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When I'm not sure what to do, or at least when I'm not sure what I should do in my practice, I turn to hum sa kriya, because it's the first practice I learned and it's a little bit like "home" for me.
 

What’s in this episode?

This week, I'm connecting to the "center" idea within hum sa kriya. I encourage you to imagine or envision a central channel of awareness within you -- one that you build at your own pace, of course.

 

After practicing...

... I feel "whole," physically at least. That's all, just that simple observation.

What do you notice after practicing?

Give it a try when you're ready

Listen to "Ep 476 - Hum Sa Kriya Meditation" on Spreaker.

 
Be moving, be true,
esther
 
 

photo credit alexander mack on unsplash

Esther's Everyday Meditation Podcast. Episode #388 with Hum Sa Kriya.
photo credit Derek Story on unsplash

 

EVERYDAY MEDITATION PODCAST: EPISODE #388

 
Listen to "Ep 388 - Hum Sa Kriya Meditation - Imagining Sound" on Spreaker.
 
What’s in this episode?
I guide you through a version of the hum sa kriya meditation practice. Normally in hum sa, we focus on a visual of light moving along the spine and let the mantra "hum sa" take the place of "sound" (even though it's a silent mantra you say to yourself). In this practice, I ask you to "listen" to the vibration of the light -- or imagine a sound that might accompany your internal awareness of the light -- and bring a little more "hum" to hum sa.

What's it good for?
Probably just bringing variation into your practice! But it might also be the missing piece for those of you more connected to sound than to visual experiences!

If you want some detailed instructions before diving in, listen to "how to practice hum say kriya, ep #387"!

Ready to practice hum sa kriya?

I hope you'll try hum sa kriya through sound. You might find it a natural addition to your practice -- or completely at odds with the usual hum sa. Either way, I'd love to hear how it goes! Click on the bar below to drop me a line.

Practicing with you,
esther
 
 

share your experience + questions

 

EVERYDAY MEDITATION PODCAST: EPISODE #209

Listen to "Ep 209 - I, Me, Mine and the Brain" on Spreaker.

What’s this episode about?
What's going on in the brain with our "I, me, mine" system when we meditate...

Apparently, the objective of most spiritual systems and their practices is to lessen the "hold" on the self --or as Goleman and Davidson put it: a "lightening of the system that builds our feelings of I, me, mine" (Altered Traits, p 153). Practitioners learn to "step outside the self," to realize "yoga" or god or pure happiness --whatever you recognize it as (whatever experience it is we're even discussing here). And from observing practitioners who've devoted many, many hours to meditation and spiritual practice, they seem to end up with a baseline of positivity and joy.

Sounds pretty good, right? Whether it does or it doesn't, I'm curious about the story going on underneath.

We don't have conclusive evidence, but the little research we do have supports a story that correlates well with the anecdotal tales. The research may not tell the whole story yet, but for now what we have helps a lay person like me to clarify my experience with meditation and my own sense of "self".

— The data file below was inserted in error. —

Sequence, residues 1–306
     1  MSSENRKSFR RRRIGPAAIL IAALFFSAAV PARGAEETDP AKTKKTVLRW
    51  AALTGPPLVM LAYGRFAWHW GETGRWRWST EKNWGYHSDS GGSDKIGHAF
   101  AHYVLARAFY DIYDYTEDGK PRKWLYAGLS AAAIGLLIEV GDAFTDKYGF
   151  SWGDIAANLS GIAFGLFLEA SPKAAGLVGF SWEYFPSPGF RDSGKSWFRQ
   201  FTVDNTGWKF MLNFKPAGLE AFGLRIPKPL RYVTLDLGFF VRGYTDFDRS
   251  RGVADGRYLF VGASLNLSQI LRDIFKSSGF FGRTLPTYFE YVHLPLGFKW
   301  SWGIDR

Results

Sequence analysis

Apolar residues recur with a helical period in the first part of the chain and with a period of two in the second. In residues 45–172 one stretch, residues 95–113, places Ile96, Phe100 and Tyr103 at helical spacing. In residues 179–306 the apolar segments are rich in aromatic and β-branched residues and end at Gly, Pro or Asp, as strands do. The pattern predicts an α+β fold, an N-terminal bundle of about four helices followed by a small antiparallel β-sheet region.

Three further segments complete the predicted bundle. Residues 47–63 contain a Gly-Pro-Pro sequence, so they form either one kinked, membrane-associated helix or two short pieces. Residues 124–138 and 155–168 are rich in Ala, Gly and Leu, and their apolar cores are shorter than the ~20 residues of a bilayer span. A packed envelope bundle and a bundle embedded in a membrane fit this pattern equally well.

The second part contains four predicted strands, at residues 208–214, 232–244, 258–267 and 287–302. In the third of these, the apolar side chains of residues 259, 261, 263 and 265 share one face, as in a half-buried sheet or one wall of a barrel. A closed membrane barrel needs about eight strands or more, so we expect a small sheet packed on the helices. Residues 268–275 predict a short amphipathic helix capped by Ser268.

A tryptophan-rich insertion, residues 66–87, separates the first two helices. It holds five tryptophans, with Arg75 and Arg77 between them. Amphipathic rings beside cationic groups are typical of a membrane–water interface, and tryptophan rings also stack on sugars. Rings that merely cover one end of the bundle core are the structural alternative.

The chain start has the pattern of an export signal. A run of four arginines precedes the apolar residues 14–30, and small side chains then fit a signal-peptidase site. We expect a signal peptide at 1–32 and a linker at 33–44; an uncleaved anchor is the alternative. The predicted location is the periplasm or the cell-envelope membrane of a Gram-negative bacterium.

Which "self" is that again?

Let's go back to what I mean by "lessen the hold on self" and take a look at some brain activity.

Once upon a time, scientists (and the world) thought brain activity was reflected in our "external" activity: thinking and moving = brain activity. No thought, no movement = no brain activity. Of course, we now know that this isn't at all how the brain works.

Your brain is active all the time, just using different "systems" or "circuitry" at different times for different purposes. So your brain is just as active when you're sleeping as when you're awake -- just different activities are underway.

Similarly, when you're doing something that requires intense focus, the dorsolateral prefrontal cortex region in your brain is active (and/or, depending on the nature of the focus, possibly other parts of the prefrontal cortex, where "executive" functions occur).

When our mind wanders, we tend to end up dwelling on issues of self, and activity lights up in the brain "circuitry" that gives us our sense of "I, me, mine" that I was talking about last week. This circuitry is found in the regions known as the "midline of the prefrontal cortex" (mPFC) and the "postcingulate cortex" (PCC) which link to the limbic system, which is responsible for more "automatic" functions and behavior. And this activity is referred to our "default mode".

So, what does that have to do with meditation?

When we're super focused -- on a task or on "nothing" as in meditation -- the "I, me, mine" activity, or the "default mode" activity, is quieted in favor of the activity that creates that focus --in the DLPFC.

In meditation, since our focus on "nothing" is never perfect, we shift back and forth between a focused mind and a wandering mind (activity in the default "I, me, mine" mode). This, it appears in the research, strengthens our ability to make the switch at will --to choose to spend more time not in a state of wandering.

Because it's in the aimless wandering that our "I, me, mine" tends to get stuck ruminating on the worst angle on a situation --or the "blow things out of proportion" angle.